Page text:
Deutsche Bundesbank publishes its 2017 Financial Stability Review

Persistently low interest rates and strong growth: risks might be underestimated

Germany’s economy has been expanding for eight consecutive years now. Enterprises and households alike can borrow cheaply, and market volatility is low. However, there is a danger that low interest rates and the favourable economic conditions in Germany might cause market participants to underestimate risks. Risks have built up, in particular, during the prolonged period of low interest rates – the valuations of many investments are very high, and the share of low-interest investments on the balance sheets of banks and insurers has risen steadily. "In this favourable environment, market participants have become more vulnerable to unexpected developments," said Claudia Buch, Vice-President of the Deutsche Bundesbank, at the presentation of the 2017 Financial Stability Review.

Risks can be mutually reinforcing in the financial system

Unforeseen developments such as an abrupt rise in interest rates or a continuation of the protracted period of low interest rates could hit the financial system hard. Negative developments such as these would affect a number of market participants. "Risks stemming from revaluations, changes in interest rates and credit losses could materialise simultaneously and reinforce each other," warned Ms Buch.

Dr Andreas Dombret, the Bundesbank Executive Board member responsible for banking supervision, presented the Financial Stability Review by stressing: "Above all, banks need to ready themselves to weather a hike in interest rates in good time," adding that "if interest rates rise, that will bolster the stability of the German financial system in the medium term; an unexpectedly rapid and strong increase, however, could hit it hard." The resilience of banks in Germany may be good overall, he noted, but cautioned that "we nonetheless continue to have our eye on the weak profitability at many German credit institutions, whose return on equity of 2.1% in 2016 puts them at the bottom end of the spectrum in Europe. This low level of profitability could increase the incentive to take on more risk in order to generate higher returns."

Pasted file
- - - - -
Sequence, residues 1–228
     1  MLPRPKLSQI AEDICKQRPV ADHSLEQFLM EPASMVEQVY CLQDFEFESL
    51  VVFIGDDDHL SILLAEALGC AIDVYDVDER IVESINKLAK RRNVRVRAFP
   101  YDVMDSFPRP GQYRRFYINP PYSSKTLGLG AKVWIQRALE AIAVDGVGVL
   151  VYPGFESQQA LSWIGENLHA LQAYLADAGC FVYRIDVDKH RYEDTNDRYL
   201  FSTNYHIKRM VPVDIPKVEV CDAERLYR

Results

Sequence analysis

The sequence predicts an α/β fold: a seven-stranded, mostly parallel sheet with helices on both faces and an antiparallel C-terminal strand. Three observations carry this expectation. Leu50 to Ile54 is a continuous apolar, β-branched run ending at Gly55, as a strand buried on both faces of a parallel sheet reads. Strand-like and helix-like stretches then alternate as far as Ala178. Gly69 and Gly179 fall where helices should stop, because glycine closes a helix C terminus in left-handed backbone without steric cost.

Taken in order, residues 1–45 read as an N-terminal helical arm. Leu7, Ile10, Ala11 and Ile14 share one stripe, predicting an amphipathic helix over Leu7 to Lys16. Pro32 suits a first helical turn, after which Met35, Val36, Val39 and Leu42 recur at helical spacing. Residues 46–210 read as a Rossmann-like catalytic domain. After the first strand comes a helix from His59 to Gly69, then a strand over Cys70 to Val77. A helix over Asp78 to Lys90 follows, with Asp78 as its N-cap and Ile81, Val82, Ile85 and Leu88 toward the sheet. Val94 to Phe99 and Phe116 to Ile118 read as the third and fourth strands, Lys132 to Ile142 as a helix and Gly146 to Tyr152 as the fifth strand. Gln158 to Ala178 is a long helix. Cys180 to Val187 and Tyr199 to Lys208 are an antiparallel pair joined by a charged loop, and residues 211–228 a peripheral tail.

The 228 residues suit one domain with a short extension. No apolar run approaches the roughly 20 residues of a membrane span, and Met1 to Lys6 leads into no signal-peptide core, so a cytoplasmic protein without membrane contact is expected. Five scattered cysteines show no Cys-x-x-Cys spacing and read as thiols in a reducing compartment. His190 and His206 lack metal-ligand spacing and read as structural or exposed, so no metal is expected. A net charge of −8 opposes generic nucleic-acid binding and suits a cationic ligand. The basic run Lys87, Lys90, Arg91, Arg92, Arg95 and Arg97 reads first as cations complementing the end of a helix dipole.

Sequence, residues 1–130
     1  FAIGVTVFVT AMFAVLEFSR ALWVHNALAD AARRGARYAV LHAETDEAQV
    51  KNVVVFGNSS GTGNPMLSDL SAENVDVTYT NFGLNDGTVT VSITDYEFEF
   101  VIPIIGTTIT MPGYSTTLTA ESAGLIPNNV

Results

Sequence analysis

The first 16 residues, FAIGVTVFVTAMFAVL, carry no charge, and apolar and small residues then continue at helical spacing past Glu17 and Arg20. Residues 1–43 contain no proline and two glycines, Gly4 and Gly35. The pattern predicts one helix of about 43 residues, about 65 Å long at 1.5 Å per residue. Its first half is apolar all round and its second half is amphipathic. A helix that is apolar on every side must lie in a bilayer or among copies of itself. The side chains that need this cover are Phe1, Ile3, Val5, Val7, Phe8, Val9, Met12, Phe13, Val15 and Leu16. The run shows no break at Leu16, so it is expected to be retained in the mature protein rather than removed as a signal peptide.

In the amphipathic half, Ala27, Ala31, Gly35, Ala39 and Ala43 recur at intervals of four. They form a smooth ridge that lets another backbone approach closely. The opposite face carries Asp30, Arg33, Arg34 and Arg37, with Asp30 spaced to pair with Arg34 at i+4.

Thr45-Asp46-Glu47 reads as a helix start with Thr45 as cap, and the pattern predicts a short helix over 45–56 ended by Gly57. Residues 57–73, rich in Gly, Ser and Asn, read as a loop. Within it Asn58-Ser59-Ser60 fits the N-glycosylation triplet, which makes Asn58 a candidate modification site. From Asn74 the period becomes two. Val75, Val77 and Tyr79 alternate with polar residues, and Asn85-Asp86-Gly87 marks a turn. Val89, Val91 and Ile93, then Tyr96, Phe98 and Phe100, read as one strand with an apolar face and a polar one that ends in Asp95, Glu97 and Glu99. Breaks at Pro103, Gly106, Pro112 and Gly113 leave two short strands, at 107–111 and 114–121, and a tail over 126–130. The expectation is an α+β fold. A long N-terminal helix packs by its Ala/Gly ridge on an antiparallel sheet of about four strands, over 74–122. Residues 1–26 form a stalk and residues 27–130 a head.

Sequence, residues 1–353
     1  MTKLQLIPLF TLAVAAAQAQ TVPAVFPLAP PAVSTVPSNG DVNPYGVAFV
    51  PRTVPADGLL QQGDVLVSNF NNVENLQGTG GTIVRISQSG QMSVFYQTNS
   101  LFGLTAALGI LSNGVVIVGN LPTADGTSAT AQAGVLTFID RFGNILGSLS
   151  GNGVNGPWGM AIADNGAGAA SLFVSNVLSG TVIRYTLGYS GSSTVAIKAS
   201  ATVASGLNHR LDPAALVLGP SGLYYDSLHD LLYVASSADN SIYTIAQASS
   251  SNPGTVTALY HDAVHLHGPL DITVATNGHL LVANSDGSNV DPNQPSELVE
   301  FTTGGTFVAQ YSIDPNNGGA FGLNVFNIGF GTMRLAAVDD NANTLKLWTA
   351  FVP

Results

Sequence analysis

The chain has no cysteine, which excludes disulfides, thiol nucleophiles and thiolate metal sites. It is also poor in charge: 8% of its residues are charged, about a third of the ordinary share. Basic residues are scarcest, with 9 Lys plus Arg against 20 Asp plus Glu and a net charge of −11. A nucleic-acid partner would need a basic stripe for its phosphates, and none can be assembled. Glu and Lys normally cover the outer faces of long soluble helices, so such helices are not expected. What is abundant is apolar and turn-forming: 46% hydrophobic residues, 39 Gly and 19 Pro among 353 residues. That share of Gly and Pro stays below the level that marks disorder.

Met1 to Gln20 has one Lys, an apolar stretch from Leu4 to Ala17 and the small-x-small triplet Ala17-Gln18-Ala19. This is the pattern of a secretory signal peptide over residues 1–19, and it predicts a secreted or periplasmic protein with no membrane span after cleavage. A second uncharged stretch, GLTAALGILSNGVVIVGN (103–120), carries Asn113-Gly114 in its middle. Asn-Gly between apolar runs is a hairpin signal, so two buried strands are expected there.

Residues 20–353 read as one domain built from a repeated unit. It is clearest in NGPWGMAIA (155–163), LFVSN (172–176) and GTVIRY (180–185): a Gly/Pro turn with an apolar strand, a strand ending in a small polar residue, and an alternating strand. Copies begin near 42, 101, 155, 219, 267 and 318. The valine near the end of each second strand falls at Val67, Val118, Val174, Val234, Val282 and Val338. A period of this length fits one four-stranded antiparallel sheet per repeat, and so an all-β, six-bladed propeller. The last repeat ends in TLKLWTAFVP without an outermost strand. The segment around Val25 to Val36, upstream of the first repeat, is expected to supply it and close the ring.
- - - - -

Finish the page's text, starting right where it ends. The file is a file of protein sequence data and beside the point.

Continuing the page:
An unexpectedly long period of low interest rates, he explained, will put pressure on small and medium-sized banks as well as life insurers in particular, resulting in greater incentives to take more risks.

Resilience of the financial system might be overstated

Persistently low interest rates and upbeat economic conditions might tempt market participants to overrate their debt sustainability. The residential real estate market in particular is a highly important area for financial stability. Loans for house purchase account for half of German credit institutions’ total lending to the private sector and more than two-thirds of household debt. While the Bundesbank’s model calculations for 2016 indicate that residential real estate may be overvalued by between 15% and 30% in towns and cities, other indicators which have a bearing on risk assessment, such as credit growth and lending standards, are not showing any abnormal behaviour at present. Overall, the risks stemming from housing loans still appear to be limited. "Nonetheless," Ms Buch said, "there is a risk that loans might turn out to be unsustainable if interest rates rise or the lively pace of price growth goes into reverse, eroding the value of collateral." Mr Dombret echoed this remark by pointing to the findings of a stress test conducted as part of the Bundesbank’s low-interest-rate survey this year, explaining: "The risks that can arise in such a situation have a huge bearing on banks, which is why it is essential that they keep a close eye on them."

Structured evaluation of global financial market reforms

Numerous financial market reforms have been initiated since the onset of the global financial crisis. Now it is important to evaluate whether the implemented reforms are having the desired effects, the Financial Stability Review explains. The Financial Stability Board (FSB) devised a framework for the post-implementation evaluation of reforms during Germany’s G20 presidency. "A structured evaluation is the only way to shed light on the costs and benefits of the reforms to society," Ms Buch explained, adding that not all the costs debated in the public arena are in fact macroeconomic in nature. One declared aim of the reforms is to shield taxpayers from the costs associated with crises in future, and to instead ensure that they are shouldered by shareholders and creditors. Ms Buch went on to stress, however, that evaluation should not be used as an excuse to water down reforms or weaken the resilience of the financial system.